KNIL (NEI) collar badges

KNIL section on exercise

KNIL section on exercise

Native KNIL soldiers

Dutch officers with natives

The Koninklijk Nederlands Indisch Leger or KNIL is more often referred to in English as the Netherlands East Indies or NEI. This was the colonial Dutch armed establishment in the Dutch East Indies, modern day Indonesia. After active campaigns subjugating the island chain of the archipelago, when resistance was finally crushed, the role of NEI forces was primarily administrative and policing work. Dutch presence commenced with the Dutch East India Company (VOC) in 1602. Its influence was huge, far outclassing its British, French, Spanish and Portuguese rivals in the region. Dissolved in 1800, the area became the Netherlands East Indies.

The KNIL was formed in 1830 with European officers and native levies and territorial expansion continued. Establishment of the KNIL coincided with expansion of colonial rule to include virtually all the islands of today's Indonesia. Conscription was instituted in 1917 and with the Dutch having been in the East Indies for hundreds of years, most of mixed-blood inhabitants worked for the public service, police or military. The main centre of government was Batavia, modern day Jakarta, on the island of Java.

From 1940 when Germany overran Europe, the Netherlands East Indies could no longer rely on supply from the homeland. The Dutch looked towards Australia for supply of munitions and military hardware. The Dutch looked towards Australia and potential allies to bolster its military forces but needed to maintain control over its territories. Long term friction with Portugal, which held the east end of the island and an enclave in the north, did not help the situation either.

By the time that Japan entered the war, Timor had about 600 officers and soldiers on duty.
     Overall NEI HQ command - Lt.-Col. Nico van Straaten
     Local KNIL command - Lt.-Col. W.E.C. Detiger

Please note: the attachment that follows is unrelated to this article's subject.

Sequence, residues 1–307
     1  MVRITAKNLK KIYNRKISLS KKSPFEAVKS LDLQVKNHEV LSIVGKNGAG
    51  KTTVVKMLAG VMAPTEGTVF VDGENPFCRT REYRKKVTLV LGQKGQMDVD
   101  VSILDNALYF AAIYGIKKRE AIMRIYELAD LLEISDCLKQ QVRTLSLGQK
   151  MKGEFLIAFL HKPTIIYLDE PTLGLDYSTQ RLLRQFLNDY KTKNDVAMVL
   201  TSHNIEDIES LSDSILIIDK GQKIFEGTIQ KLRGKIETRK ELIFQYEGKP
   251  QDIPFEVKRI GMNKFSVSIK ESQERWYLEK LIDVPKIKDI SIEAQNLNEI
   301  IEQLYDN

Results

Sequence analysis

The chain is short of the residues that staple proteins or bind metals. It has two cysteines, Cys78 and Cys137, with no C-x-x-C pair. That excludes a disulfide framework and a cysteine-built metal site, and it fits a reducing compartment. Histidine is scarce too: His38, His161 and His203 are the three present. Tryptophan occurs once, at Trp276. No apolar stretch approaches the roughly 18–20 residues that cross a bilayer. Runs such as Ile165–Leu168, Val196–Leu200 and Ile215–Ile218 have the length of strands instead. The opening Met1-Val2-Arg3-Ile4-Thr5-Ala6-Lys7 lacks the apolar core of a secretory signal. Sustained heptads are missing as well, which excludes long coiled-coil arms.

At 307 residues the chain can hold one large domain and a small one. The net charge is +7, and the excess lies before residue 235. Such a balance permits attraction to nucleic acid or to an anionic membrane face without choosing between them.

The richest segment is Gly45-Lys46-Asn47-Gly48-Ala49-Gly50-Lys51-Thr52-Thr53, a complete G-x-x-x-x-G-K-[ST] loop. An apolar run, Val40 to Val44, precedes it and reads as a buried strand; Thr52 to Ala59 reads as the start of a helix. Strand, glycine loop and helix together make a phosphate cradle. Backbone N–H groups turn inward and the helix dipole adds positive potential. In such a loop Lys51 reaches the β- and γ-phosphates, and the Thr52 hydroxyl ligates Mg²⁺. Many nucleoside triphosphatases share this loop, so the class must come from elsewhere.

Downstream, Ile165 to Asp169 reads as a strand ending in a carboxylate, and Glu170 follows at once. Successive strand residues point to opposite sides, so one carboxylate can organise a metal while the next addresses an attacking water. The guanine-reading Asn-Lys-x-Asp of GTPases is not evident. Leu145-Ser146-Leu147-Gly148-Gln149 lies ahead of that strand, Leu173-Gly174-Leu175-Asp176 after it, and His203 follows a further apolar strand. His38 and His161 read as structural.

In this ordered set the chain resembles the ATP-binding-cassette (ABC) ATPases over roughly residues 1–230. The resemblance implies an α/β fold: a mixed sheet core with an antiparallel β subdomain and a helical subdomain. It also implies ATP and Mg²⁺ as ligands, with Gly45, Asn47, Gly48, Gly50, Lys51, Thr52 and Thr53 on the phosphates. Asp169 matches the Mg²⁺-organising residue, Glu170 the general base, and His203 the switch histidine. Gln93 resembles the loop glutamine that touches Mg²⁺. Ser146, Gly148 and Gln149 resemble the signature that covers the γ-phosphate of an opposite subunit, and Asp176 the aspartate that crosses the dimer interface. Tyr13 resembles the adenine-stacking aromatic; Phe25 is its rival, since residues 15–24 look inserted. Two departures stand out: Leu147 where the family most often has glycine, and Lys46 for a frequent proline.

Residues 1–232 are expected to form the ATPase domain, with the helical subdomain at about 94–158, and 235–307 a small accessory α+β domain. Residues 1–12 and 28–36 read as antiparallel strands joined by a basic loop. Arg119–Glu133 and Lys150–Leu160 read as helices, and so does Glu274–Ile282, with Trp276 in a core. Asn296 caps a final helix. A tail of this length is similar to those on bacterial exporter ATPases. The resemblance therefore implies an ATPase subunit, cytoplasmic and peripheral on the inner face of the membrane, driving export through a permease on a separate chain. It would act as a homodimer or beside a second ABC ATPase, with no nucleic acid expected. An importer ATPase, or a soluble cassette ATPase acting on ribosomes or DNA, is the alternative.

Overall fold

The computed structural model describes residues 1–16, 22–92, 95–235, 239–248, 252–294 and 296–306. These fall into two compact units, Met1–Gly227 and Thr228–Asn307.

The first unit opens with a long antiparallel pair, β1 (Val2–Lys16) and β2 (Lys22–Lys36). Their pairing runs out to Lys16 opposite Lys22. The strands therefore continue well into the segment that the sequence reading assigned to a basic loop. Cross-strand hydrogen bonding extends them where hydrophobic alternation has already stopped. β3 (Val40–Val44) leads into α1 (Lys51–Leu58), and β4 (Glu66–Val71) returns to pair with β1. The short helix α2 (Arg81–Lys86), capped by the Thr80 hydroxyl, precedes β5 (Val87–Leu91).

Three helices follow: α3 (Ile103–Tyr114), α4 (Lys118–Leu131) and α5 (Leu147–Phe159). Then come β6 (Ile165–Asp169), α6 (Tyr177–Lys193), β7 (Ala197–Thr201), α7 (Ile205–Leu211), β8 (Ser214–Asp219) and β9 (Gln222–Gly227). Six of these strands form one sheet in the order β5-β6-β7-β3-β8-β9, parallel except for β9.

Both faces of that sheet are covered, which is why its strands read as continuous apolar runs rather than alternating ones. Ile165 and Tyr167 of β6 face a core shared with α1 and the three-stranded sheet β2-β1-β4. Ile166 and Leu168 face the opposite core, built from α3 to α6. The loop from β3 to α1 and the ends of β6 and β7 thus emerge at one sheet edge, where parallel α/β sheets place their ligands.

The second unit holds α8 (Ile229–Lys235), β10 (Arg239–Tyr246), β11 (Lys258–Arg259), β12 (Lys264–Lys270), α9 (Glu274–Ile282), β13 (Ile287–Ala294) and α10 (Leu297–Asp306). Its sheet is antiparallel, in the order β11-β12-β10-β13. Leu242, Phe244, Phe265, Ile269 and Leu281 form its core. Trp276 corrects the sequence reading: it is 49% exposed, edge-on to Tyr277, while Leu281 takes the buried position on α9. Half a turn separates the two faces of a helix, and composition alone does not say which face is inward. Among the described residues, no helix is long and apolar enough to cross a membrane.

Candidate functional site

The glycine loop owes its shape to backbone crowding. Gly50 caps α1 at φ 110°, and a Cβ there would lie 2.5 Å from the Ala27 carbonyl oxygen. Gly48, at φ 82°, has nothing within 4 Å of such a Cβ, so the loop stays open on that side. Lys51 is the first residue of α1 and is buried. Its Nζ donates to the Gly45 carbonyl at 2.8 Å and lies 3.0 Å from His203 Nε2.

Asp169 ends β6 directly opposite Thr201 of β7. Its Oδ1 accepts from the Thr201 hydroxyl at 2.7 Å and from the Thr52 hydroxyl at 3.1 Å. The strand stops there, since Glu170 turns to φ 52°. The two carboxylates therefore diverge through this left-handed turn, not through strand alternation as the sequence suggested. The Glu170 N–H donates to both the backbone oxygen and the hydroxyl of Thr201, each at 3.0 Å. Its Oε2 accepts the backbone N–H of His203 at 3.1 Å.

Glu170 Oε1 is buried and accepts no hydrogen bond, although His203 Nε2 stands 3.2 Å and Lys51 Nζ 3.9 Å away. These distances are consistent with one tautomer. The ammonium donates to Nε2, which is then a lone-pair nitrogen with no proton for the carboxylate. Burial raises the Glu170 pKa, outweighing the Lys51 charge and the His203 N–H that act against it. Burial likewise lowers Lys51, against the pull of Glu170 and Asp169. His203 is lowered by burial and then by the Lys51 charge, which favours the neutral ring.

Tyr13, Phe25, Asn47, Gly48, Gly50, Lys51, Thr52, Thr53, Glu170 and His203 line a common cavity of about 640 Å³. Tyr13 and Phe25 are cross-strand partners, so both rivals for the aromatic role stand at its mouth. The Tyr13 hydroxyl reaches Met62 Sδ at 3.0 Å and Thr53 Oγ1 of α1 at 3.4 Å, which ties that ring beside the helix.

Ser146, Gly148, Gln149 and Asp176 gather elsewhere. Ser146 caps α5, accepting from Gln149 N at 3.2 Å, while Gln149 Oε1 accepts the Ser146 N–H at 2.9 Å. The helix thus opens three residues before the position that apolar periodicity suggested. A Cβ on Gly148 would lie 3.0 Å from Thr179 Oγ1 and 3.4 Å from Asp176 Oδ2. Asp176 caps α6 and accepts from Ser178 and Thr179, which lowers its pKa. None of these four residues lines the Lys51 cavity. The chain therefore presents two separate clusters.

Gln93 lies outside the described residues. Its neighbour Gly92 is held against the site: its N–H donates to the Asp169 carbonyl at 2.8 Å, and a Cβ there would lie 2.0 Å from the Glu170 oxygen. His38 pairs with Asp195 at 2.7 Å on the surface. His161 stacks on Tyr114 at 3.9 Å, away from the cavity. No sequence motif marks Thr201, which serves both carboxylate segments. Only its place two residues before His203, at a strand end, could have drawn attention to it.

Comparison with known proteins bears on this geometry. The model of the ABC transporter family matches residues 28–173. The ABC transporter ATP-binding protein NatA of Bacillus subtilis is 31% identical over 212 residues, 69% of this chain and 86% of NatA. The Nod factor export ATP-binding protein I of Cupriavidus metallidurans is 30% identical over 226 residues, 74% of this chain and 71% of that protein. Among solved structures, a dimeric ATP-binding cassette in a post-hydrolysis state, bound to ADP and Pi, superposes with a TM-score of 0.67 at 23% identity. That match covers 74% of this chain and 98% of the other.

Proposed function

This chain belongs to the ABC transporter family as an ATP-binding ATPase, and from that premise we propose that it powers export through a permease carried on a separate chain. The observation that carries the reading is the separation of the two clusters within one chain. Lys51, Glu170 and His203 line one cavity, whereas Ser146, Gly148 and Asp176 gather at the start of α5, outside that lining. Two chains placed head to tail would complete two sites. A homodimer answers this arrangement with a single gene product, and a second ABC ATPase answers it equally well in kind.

3rd Company / VIII KNIL Infantry Battalion
          RK Infantry Company
          Machine Gun Platoon / XIII Infantry Battalion
          Artillery Battery with four 75mm guns
          An Engineers platoon
          Timor & Dependencies KNIL Garrison Battalion with armoured cars (Overvalwagen Type B or 'Braat')
          Mobile Auxiliary First Air Platoon

 There was a sizeable Dutch naval presence although most of the ships were old. These included the Surabaya, an old coastal training cruiser that was a renamed Royal Netherlands Navy armoured warship, the De Zeven Provincien between 1910 and 1942. At 6,530 tons, it was armed with two 11-inch, four 6-inch, ten 3-inch and four 37mm guns. This conveyed the 2nd Ind. Coy. and Dutch forces to Dili in December 1941. There was no Dutch air force presence on Timor.


When the Japanese Imperial forces landed on 20th February 1941, KNIL units defended the left flank from the deepwater port Tenau to the 2/40th B Company lines at Klapalima where the coastal guns were installed. By landing behind the prepared defences, months of preparation were for naught and the positions were abandonned. The Dutch-led troops capitulated long before any shots were fired and did not take any further part in the action. They came into the prisoner of war camp at Usapa Besar a few weeks later.

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Ian D. Skennerton

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